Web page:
Imagine a world in which your social data (e.g. messages, photos, videos) was easier to work with. For instance, imagine you could try out a new photo sharing service without having to move all of your photos and social graph.
In this world, your photos are held in a data store controlled by you. If you want to try out a new service, you can seamlessly login and choose to give permission to that service, and the photos that you have granted access to would be immediately available.
This is one benefit of an “unbundled” social service. Unbundling gives the user power to pick the software that best suits their needs, rather than being forced to use the software made by the company that manages their data.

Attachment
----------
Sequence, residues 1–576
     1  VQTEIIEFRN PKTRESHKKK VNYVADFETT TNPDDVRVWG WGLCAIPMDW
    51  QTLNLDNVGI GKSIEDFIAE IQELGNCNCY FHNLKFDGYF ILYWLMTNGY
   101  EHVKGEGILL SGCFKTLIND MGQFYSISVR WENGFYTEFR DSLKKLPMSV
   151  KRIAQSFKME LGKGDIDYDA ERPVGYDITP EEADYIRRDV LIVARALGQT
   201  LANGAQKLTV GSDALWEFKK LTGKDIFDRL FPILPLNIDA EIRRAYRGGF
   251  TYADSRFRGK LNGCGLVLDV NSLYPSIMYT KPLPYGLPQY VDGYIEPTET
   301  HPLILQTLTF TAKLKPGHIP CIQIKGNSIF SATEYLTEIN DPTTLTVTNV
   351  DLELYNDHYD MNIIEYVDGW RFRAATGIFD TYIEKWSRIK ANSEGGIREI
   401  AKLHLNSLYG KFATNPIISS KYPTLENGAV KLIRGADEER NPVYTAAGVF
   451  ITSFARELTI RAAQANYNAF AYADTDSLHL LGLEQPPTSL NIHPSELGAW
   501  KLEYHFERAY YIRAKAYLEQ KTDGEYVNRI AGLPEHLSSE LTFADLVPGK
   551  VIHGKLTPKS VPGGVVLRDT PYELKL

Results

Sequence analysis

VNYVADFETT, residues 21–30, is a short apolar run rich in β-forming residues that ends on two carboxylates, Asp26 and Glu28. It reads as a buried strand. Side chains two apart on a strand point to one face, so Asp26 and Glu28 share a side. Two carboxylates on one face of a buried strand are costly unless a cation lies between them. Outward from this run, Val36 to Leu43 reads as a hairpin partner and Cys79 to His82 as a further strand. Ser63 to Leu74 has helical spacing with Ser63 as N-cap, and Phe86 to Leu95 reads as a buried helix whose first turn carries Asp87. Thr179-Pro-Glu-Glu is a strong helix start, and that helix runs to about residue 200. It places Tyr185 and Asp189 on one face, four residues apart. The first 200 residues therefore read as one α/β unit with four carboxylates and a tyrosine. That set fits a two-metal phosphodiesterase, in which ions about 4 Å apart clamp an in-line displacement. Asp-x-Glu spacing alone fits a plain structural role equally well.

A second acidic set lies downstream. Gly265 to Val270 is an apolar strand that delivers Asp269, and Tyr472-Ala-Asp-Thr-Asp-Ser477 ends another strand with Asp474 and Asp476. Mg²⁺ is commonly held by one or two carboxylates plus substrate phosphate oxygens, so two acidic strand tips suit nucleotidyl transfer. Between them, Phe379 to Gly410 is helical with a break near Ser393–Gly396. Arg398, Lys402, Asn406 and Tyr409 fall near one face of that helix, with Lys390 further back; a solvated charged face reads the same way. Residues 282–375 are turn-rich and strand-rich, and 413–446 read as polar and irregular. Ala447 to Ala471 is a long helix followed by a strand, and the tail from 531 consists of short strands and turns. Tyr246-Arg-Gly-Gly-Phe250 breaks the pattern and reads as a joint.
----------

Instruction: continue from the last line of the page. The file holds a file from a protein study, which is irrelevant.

This is a really big step for what has, to date, been a paid Twitter competitor. Now, App.net competes with iCloud and Dropbox. The name suddenly makes sense.
Jon Mitchell of ReadWrite
Web speculates that this feature could drop the price of the Twitter-esque aspects of App.net to free:
By providing the 10 GB of cloud storage to paid accounts, App.net makes a new tier of pricing possible that could allow social-only accounts to be free. Suddenly, App.net would be just like Twitter, only with a thriving ecosystem of client apps, the possibility of upgrading to a powerful, cloud-backed service, and no ads whatsoever.
This is a smart move by Caldwell and the rest of the App.net folks.